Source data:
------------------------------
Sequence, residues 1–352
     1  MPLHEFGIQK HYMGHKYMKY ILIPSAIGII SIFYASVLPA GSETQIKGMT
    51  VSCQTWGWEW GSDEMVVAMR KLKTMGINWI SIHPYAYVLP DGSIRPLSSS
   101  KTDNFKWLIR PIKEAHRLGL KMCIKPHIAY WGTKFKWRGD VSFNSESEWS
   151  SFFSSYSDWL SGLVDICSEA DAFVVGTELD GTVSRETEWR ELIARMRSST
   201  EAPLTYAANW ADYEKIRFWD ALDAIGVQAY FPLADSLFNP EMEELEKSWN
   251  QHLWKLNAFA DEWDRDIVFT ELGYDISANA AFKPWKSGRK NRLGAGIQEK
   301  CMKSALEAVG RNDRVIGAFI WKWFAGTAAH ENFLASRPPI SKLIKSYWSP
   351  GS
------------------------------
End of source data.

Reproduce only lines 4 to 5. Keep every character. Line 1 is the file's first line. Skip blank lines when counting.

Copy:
   101  KTDNFKWLIR PIKEAHRLGL KMCIKPHIAY WGTKFKWRGD VSFNSESEWS
   151  SFFSSYSDWL SGLVDICSEA DAFVVGTELD GTVSRETEWR ELIARMRSST